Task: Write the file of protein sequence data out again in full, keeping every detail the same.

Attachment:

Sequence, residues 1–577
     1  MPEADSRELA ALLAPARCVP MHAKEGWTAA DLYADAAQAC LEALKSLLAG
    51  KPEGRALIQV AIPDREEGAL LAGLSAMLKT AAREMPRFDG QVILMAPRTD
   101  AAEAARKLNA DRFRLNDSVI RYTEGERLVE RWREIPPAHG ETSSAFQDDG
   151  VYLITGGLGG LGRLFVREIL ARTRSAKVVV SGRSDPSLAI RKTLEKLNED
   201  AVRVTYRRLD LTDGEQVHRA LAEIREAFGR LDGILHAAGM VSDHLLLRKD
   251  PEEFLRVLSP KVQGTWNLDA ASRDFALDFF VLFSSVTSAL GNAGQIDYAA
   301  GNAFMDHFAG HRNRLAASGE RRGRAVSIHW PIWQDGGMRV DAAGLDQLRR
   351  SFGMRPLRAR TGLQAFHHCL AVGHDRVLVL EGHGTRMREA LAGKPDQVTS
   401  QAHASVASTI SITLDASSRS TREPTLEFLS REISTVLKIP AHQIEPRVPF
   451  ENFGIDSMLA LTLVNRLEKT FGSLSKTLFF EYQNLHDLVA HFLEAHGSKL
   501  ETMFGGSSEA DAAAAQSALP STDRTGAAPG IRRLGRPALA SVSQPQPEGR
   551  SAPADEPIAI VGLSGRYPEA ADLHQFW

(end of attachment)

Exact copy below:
Sequence, residues 1–577
     1  MPEADSRELA ALLAPARCVP MHAKEGWTAA DLYADAAQAC LEALKSLLAG
    51  KPEGRALIQV AIPDREEGAL LAGLSAMLKT AAREMPRFDG QVILMAPRTD
   101  AAEAARKLNA DRFRLNDSVI RYTEGERLVE RWREIPPAHG ETSSAFQDDG
   151  VYLITGGLGG LGRLFVREIL ARTRSAKVVV SGRSDPSLAI RKTLEKLNED
   201  AVRVTYRRLD LTDGEQVHRA LAEIREAFGR LDGILHAAGM VSDHLLLRKD
   251  PEEFLRVLSP KVQGTWNLDA ASRDFALDFF VLFSSVTSAL GNAGQIDYAA
   301  GNAFMDHFAG HRNRLAASGE RRGRAVSIHW PIWQDGGMRV DAAGLDQLRR
   351  SFGMRPLRAR TGLQAFHHCL AVGHDRVLVL EGHGTRMREA LAGKPDQVTS
   401  QAHASVASTI SITLDASSRS TREPTLEFLS REISTVLKIP AHQIEPRVPF
   451  ENFGIDSMLA LTLVNRLEKT FGSLSKTLFF EYQNLHDLVA HFLEAHGSKL
   501  ETMFGGSSEA DAAAAQSALP STDRTGAAPG IRRLGRPALA SVSQPQPEGR
   551  SAPADEPIAI VGLSGRYPEA ADLHQFW